To scan a cupped court, I would have to travel several millennia further back in time and some 400 miles south to the island of Malta. An independent nation 50 miles from the tip of Sicily, just about every empire in the neighborhood has taken turns ruling the strategically positioned landmass; the Phoenicians, Carthaginians, Romans, Greeks, Arabs, Normans, Aragonese, Knights of St. John, French, and - just long enough to make English an official language - the British. Long before any of them, however, Malta enjoyed a prosperous prehistory. Until the recent dating of sites in Turkey and the Middle East, in fact, the megalithic temples attesting to a complex civilization were believed to be the earliest intact buildings, ranging in construction from 3600-2500 B.C.

Like the Sardinian nuraghe, these temples - whose precise function can only be hypothesized - share family traits. Typically facing south-southeast is an ovular forecourt fronted by a monumental facade of upright stones, or orthostats. A post-and-lintel ‘trilithon’ entry therein typically passes into a series of interior chambers whose lobed form is defined by additional megaliths of the local limestone.

Following this general diagram is the spectacularly sited set of three temples at Mnajdra whose shared forecourt overlooks Malta’s southern coastline on the Mediterranean. Constructed of coralline limestone - harder than the globigerina variety used up the slope at the larger Ħaġar Qim complex - several of the Mnajdra temples still stand to an impressive height some five thousand years after their construction. The lowest temple, for instance, retains its concave facade with stone benches aside a trilithon entry. The BLK360 and I, enjoying the same shelter from sun and sea-salty winds as the temple itself courtesy of a modern steel and canvas tent, worked our way through the apses and ‘cloverleaf’ chambers of the temples. Careful attention was paid to capture interior features like smaller trilithon niches and decorated stones.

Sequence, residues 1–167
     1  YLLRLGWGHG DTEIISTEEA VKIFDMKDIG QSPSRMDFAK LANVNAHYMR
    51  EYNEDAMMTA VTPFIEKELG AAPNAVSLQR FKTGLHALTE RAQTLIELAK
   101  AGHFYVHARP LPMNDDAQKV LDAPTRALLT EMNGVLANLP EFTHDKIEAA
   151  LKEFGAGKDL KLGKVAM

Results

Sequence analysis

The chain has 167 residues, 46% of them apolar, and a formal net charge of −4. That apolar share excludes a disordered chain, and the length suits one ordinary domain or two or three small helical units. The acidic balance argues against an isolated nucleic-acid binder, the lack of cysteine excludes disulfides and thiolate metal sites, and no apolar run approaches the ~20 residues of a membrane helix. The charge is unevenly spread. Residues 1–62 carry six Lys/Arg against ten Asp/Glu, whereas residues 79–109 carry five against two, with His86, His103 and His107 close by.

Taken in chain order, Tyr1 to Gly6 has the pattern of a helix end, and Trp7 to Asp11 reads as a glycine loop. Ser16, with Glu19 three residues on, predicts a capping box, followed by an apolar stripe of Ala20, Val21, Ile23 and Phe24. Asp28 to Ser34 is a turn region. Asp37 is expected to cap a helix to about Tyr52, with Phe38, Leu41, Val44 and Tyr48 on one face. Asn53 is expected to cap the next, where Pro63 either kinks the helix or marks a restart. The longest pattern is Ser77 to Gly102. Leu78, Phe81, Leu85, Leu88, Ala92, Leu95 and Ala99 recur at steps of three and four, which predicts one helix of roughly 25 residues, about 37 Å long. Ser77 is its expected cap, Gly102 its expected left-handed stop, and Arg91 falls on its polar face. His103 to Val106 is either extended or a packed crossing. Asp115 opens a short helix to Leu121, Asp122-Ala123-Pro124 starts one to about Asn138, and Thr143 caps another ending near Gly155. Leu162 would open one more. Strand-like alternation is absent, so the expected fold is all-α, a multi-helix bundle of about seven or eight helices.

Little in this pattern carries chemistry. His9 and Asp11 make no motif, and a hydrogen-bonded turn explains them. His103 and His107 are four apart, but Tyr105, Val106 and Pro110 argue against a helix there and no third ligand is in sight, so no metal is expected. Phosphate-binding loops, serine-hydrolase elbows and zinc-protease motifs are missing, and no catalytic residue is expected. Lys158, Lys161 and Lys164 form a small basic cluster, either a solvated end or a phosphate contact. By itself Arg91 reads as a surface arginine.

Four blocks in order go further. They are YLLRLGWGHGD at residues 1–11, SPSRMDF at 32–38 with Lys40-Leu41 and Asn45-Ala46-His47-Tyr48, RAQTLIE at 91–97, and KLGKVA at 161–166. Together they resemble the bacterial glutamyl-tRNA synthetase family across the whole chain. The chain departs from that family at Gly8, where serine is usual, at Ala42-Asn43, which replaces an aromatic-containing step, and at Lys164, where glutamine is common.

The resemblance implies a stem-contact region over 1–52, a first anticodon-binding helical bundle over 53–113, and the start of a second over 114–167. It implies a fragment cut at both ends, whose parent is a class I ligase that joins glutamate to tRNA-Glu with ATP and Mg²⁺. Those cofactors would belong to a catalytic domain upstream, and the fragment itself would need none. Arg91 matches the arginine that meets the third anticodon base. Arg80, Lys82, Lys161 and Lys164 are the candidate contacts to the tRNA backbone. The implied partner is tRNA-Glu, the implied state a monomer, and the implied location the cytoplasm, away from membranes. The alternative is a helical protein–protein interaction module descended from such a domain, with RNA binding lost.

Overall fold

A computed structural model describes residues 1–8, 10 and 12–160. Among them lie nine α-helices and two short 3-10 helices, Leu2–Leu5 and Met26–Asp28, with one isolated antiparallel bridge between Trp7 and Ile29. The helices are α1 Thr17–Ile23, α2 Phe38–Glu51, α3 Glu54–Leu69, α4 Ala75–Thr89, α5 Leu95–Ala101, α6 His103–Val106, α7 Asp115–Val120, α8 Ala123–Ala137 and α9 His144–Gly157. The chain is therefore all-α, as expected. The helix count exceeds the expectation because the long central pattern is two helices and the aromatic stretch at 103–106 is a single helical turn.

Mnajdra Temples

An island away, on the lesser Maltese landmass of Gozo, the BLK and I surveyed the still more storied remains of the Ġgantija Temples. This set of side-by-side five apse temples has a rich history as the subject of representation efforts, from an 1839 set of orthographic plan engravings by typographer Ambroise-Firmin Didot to C.F. van Brockdorff’s 1828 watercolors of the temple’s excavation. A century later, renowned architect Le Corbusier rather romantically remarked that “…the man that made this door is my brother across time” upon his visit to the temples. The resultant scans and plans produced by the BLK and I might be said to continue this modern history of appreciation while contrasting its methods of analysis.

Ggantija TemplesGgantija Temples Scan GIF

Less intact than the megalithic remains at Mnajdra and Ġgantija, Ta’ Ħaġrat and the nearby Skorba Temples proved equally worthy scanning subjects. So too did the archaeological contents of the temples prove fascinating in regard to the subject of architectural representation, prompting the question...

Where and when is architecture?

Conversing with an architect (indeed architects conversing with each other) a comment is not uncommonly made implying the architect is constructing a building. Unless the architect is engaged in a design-build practice or capable of restraining their penchant for the pedantic, some variant of the correction ‘architects don’t build buildings, they make drawings of buildings (for others to build)’ is likely to surface, if not derail the conversation into a disciplinary debate regarding the very locus of architecture.

Does architecture refer to the building as such? Or the idea of the building? Or the sketches, renderings, models, construction documents, and other representational efforts that communicate that idea? Might it be all of the above?